Wow, that was a fantastic description of the LAST Manga Exhibition. Seriously, Inoue would be proud.

Thanks, was still editing it into the wee hours of the night! I still need to do a more basic description or summary of the story itself, try to fill in the blanks between the transcription and the images available.

And that drawing is beautiful, he ended up looking a lot like the two he looked up to the most, especially Sekishusai. Very serene yet strong at the same time or something. Well, that scene where Fuki tries to cut him on his sleep says it all.

Oh, and look at the size of it! Man!

http://jcast.com.br/wp-content/uploads/2009/02/inoue9.jpg

His expression looks kinda like Vol. 25's cover, but less aggressive and more peaceful.

http://img40.imageshack.us/img40/7957/largeanimepaperscansvag.jpg

Good call, it is like his face on 25, but more open and passive. It's actually the first recognizable image of old Musashi's face, following another large paining of his silhouette at the top of the stairs, still looking sharp and imposing with that wild hair.

I'd love to see the sequence. But man, I think I might have an overdose if you keep this pace, give me some time to breath! Too much awesomeness in one week!

Heh, okay, I'll take it easy, we'll make Inshun the grand finale.

I wonder who translated that? Are there any credits in the book? Either way, if Otsu calls him Takezo and Munisai calls him Musashi, I'd say it's accurate.

Lots of credits actually, mostly for the event, then another dozen or so for the catalogue itself. No listings for "translators" or "translated by," but these were the most pertinent credits in that regard:

Funaki Nobuko, Content Design and Writing

Ono Keiko, Editing and Translation Coordination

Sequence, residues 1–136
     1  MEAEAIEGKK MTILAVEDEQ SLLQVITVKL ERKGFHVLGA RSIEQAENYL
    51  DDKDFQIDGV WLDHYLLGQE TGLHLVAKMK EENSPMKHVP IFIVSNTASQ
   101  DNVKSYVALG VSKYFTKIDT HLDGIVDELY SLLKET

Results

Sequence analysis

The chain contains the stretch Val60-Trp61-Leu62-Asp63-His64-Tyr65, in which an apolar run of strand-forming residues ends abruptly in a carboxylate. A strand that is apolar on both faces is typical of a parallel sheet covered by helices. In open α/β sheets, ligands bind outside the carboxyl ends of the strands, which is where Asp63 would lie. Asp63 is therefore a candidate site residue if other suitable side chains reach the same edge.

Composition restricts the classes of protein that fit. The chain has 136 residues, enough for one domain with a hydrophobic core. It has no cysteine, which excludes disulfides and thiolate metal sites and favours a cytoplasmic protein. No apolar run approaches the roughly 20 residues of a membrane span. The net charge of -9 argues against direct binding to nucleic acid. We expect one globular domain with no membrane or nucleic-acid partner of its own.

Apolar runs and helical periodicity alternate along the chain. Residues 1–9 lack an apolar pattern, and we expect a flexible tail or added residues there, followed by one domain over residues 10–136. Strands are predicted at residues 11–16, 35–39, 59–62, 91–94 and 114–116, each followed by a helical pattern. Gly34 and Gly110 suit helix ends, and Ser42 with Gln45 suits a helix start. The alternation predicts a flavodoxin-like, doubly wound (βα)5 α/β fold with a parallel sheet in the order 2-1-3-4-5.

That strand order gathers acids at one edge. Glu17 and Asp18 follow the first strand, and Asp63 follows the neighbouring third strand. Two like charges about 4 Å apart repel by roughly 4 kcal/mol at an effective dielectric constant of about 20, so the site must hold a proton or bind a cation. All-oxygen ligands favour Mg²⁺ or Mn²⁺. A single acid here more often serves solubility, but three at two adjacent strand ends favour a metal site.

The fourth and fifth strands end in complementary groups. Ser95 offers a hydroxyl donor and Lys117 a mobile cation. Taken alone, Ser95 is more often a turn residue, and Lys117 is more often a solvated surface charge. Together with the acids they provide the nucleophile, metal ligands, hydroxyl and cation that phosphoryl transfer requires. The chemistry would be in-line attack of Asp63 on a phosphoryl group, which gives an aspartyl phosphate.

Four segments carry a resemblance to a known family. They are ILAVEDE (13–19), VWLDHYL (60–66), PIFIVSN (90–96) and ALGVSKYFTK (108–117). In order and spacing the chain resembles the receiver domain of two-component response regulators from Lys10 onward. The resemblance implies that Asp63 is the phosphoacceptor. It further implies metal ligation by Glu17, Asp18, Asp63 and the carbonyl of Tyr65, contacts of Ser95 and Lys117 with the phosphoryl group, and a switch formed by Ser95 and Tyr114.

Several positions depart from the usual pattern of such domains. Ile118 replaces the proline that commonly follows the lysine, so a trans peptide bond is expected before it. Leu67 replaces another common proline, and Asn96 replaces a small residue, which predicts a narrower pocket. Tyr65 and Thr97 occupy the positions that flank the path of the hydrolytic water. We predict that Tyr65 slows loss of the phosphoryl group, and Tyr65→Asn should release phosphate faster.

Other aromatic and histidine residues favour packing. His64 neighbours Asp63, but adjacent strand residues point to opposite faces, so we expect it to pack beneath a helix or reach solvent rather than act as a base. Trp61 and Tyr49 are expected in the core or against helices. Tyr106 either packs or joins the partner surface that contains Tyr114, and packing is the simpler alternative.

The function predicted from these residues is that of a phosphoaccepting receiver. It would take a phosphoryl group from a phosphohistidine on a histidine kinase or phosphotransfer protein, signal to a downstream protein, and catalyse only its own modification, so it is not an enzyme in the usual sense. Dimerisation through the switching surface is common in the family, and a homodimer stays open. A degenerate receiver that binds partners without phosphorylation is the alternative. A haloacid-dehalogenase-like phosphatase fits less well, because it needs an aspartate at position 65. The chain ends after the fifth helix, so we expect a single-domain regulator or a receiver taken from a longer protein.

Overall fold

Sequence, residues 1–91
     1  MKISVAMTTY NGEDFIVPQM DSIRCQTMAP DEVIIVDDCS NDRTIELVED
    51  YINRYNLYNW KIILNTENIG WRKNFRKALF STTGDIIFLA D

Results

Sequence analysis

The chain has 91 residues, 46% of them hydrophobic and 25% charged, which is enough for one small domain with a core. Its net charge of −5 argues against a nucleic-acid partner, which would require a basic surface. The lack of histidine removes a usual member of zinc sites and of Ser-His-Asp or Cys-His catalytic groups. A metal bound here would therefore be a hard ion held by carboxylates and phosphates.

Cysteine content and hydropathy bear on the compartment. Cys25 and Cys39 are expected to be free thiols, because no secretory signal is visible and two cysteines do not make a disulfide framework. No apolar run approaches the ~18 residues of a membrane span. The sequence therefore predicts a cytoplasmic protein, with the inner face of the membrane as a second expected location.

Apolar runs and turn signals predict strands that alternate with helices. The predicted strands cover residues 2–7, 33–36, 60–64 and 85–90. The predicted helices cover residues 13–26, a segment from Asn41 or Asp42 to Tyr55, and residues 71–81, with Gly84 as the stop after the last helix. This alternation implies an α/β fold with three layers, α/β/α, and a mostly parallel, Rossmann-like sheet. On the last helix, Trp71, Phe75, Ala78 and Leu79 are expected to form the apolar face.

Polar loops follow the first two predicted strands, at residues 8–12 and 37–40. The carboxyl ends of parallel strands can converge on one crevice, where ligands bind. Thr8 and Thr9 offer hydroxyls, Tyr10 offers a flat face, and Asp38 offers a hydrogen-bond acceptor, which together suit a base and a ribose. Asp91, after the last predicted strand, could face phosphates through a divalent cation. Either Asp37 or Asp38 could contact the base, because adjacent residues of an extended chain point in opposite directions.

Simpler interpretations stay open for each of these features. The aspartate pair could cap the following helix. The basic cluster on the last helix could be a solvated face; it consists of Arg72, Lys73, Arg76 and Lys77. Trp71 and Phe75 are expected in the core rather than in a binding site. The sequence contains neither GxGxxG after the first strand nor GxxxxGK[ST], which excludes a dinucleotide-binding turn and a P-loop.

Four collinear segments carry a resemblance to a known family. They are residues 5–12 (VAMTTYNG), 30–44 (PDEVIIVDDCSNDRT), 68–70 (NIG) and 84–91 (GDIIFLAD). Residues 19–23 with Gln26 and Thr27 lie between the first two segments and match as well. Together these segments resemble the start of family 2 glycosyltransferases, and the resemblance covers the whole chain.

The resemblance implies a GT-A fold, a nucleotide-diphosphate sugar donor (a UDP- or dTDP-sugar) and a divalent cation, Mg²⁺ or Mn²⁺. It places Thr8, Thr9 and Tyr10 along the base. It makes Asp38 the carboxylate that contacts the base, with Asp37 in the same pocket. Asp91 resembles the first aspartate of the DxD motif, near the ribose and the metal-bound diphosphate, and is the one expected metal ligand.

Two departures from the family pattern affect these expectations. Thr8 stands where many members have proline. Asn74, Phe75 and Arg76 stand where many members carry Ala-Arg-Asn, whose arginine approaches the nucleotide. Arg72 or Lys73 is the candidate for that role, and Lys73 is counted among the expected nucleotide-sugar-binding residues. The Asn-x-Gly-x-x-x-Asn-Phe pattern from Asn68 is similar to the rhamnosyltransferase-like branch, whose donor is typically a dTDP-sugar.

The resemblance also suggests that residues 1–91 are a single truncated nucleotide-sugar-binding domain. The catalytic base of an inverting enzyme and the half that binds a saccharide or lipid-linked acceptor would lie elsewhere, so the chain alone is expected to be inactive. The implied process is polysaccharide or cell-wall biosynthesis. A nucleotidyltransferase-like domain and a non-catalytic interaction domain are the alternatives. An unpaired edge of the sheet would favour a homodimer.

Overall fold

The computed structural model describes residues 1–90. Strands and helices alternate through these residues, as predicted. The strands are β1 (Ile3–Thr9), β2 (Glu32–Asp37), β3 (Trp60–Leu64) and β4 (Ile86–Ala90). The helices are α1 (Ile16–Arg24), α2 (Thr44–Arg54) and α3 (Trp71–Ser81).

Anyway, whoever did the translation did a great job in my opinion; seems perfect, straight forward and no awkwardness, even more impressive given the material.

Speaking of which, Go Rin No Sho anyone? First the leadup, the pages of which are beautiful, almost abstract, ink paintings themselves, but I photographed the scrolls to show they were included:

P.058

Musashi:
I have exhausted my words.
But I do not know what I will leave to the world.

P.059

Musashi:
Words are like the sea.
You must descend deep into the waters to see what lies in the bottom.
For those content to gaze, there is only beauty; and tedium.

P.060


Musashi: The truth lies here.
How it is accepted is only that, the truth for each man.

And later, Jotaro all the people that came to see Musashi other than his "friends"...


Jōnosuke: Yagyū Jōnosuke. My childhood name was Jōtarō. Master!!


P.129

Jōnosuke:
We are not the final ones to visit.
Many have heard about you, and want to catch a glance... learn from you
... they want to pay their respects.
There, outside the gate -- See, Master!






Jōnosuke: Master, you dispatched many... But for many more people...


P.135
Jōnosuke:
In the past... in the future... and for eternity...




Jōnosuke: You have shown the way.

Offline TheBranded1

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Re: Inoue Takehiko: The LAST Manga Exhibition
« Reply #78 on: November 20, 2009, 02:44:16 AM »


All of this is truly amazing. I"m planning to save money too, so I can get this in my hands as well. I feel if I don't I"ll miss on something so great.

Offline Eluvei

Re: Inoue Takehiko: The LAST Manga Exhibition
« Reply #79 on: November 21, 2009, 01:08:25 AM »
Thanks, was still editing it into the wee hours of the night! I still need to do a more basic description or summary of the story itself, try to fill in the blanks between the transcription and the images available.

Good to know you'll write more, I'm looking forward to it.

Anyway, whoever did the translation did a great job in my opinion; seems perfect, straight forward and no awkwardness, even more impressive given the material.

Yeah, from the full translation and that Inoue interview, it even looks like Viz translated it. I'm glad it's so professional, shows how they care for their overseas fans.


Thanks for the new sequence of images, it's one of the most beautiful so far, but I guess I already said that, and will probably just keep saying that while you post.
Every sequence has an "ending" feeling to them. I could totally see the last image you posted here as the last one of the exhibit, as well as that one with Kojiro at the beach, or the one with Musashi beside Otsu, or those after Munisai speaks to Musashi.